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Indianapolis Criminal Attorney
John "Jack" Razumich
Criminal Attorney
Andrew Redd
Criminal Attorney


Understanding the Criminal Justice System

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Cell Phones, Cameras, and Crime: The Use of Video Footage in Criminal Defense

Would you believe that in only 30 days, more video content is uploaded to YouTube, Facebook, TikTok, and other online destinations than major TV networks have produced in 30 years? It’s a staggering statistic. It also illustrates the sheer power of ordinary people using handheld devices to literally change the world we live in. The fates of many people, from arresting officers to alleged criminals, have turned on video evidence shot by a bystander holding an iPhone.

The widespread use of cell phones to capture what’s happening has also required law enforcement officers and legislators alike to grapple with questions surrounding privacy, permissions, and authenticity. Is cell phone footage admissible in a court of law? Can it be used to defend an innocent person charged with a crime? Keep reading to learn more about the legality of smartphone videos.

Is Cell Phone Video Admissible In Court?

First, before we consider videos that capture an arrest, is whether cell phone video of any type is admissible during a trial. Unfortunately, there are no clear-cut answers. In every instance, the response is, “it depends.”

Many of these variables concern the credibility and authenticity of the video. We’ve all seen grainy footage from a security camera or a poor-quality flip phone that’s purported to show a certain person committing a crime (or a Sasquatch skulking around a dark, wooded area). It can be impossible to make out clear details with any certainty.

Even if the video is as crisp and clear as any high-definition box office blockbuster, it still might not be admissible for other reasons.

Other Reasons Video Can’t Be Used

A judge might not allow the video as evidence if it’s difficult to determine where and when the footage was captured, if it was shot in a private environment, or if the source is unknown.

Moreover, a video that has been uploaded to a social media site (or anywhere on the internet) cannot be used as legal evidence. An attorney in this situation would need to track down the original footage, issuing a subpoena to get it, if necessary. That’s because it’s relatively easy to edit a video.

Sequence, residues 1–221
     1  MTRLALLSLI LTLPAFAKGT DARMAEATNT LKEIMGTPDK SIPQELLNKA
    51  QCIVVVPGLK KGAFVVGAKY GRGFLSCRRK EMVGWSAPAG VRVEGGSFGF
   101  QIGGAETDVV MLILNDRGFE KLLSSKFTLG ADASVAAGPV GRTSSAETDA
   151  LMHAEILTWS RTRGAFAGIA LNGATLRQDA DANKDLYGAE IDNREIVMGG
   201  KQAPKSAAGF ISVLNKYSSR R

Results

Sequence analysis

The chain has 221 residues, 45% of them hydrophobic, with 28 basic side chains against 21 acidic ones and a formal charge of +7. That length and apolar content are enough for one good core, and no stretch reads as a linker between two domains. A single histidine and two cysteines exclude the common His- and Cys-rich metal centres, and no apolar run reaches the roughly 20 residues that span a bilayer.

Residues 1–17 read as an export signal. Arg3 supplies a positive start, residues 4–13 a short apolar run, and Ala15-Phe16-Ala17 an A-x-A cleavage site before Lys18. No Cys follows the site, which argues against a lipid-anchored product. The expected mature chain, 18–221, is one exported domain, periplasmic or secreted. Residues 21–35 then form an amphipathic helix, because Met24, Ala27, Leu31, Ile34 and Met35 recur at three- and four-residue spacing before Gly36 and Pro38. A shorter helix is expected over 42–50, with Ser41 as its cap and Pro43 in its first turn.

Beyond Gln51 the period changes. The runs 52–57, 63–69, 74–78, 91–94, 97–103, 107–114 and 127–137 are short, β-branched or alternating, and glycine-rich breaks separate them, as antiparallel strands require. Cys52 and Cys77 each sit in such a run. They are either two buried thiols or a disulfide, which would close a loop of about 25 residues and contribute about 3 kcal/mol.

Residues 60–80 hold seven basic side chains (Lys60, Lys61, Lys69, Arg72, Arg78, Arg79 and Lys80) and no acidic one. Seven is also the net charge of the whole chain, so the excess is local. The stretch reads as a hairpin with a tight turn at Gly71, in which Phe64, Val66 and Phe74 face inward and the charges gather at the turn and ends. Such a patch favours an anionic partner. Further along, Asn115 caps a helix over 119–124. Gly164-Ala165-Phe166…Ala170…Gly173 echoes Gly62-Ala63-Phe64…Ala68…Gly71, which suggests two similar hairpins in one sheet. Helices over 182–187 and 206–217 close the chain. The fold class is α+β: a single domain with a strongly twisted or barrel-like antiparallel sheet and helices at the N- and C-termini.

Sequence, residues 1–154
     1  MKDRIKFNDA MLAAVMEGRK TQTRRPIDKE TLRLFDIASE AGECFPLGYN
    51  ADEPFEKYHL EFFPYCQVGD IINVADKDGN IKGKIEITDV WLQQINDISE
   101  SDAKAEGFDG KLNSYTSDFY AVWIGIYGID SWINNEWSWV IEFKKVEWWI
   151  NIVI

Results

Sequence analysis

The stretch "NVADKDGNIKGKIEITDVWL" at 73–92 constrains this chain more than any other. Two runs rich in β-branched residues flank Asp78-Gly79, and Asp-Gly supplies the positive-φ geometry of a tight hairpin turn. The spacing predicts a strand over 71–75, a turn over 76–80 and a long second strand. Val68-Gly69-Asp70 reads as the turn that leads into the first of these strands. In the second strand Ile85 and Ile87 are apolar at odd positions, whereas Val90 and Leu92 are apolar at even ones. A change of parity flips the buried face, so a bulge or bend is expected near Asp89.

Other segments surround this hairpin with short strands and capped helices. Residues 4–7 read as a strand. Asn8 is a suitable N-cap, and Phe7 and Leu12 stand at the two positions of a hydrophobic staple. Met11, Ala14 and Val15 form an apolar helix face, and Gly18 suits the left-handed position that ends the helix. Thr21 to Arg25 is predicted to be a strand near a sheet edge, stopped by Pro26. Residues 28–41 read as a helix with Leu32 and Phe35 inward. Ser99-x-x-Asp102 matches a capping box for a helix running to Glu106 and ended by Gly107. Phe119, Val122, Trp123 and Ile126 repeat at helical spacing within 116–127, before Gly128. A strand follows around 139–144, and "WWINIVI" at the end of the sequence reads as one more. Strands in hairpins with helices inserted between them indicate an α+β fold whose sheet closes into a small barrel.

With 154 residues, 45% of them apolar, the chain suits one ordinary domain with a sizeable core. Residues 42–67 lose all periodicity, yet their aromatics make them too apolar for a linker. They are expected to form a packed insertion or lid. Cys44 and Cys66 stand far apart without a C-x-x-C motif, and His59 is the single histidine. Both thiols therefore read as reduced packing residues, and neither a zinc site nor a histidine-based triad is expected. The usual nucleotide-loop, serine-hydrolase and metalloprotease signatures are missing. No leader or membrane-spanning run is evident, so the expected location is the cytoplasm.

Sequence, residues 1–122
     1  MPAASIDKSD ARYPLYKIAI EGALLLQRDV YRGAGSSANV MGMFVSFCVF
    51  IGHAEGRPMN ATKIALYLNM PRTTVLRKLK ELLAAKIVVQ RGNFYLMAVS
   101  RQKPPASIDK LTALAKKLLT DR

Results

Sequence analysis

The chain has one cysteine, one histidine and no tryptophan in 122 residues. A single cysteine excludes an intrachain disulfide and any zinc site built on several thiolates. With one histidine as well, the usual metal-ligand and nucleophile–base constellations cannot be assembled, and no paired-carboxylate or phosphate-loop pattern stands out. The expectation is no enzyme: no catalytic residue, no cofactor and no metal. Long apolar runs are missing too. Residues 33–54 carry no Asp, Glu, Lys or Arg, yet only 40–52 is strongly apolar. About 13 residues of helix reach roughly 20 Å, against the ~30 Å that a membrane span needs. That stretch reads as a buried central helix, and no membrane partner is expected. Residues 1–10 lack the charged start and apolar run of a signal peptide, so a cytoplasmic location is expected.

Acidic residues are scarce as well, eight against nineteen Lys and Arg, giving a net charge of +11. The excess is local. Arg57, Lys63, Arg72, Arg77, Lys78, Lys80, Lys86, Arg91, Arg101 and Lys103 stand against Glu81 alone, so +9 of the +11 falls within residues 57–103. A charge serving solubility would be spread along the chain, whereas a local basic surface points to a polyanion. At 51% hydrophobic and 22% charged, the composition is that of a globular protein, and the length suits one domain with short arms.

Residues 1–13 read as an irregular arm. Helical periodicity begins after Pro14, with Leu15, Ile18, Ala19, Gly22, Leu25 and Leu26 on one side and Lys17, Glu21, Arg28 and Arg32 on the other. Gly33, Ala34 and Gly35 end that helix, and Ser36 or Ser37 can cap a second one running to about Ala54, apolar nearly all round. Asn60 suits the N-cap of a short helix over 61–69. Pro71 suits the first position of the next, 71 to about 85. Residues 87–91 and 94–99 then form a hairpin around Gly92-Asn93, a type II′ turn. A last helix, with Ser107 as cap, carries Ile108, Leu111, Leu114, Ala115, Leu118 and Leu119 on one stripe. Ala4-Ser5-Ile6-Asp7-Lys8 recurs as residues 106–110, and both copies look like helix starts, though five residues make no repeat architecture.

What About Footage of an Arrest?

Thanks to a man named Willie King, it is perfectly acceptable to film any interaction with police officers, including arrests. In 2016, King was doing just that in front of his home. Police asked him to stop and hand over his phone; when he refused, an officer tackled him. He was then arrested, and his phone confiscated.

King filed a civil rights lawsuit against the IMPD, which was settled out of court, and received $200,000 in damages. Additionally, the department issued a policy prohibiting officers from taking civilian phones that are being used to record police interactions.

A New Era of Oversight

It’s safe to say that this policy, along with similar ones across the country, has made a tremendous difference in the outcome of many arrests. Video footage greatly increases the odds of police officers being held accountable for their actions. Even if that video doesn’t end up as evidence in a court of law, the court of public opinion is certain to view it online.

The ACLU has even developed an app to help people record and report police interactions, called Mobile Justice.

Have you been arrested? If there is footage of your arrest that you feel might serve your defense well, contact Razumich & Associates. We can evaluate the video, learn the facts of the arrest, and help you determine a path forward. Call us at (317) 449-8661.

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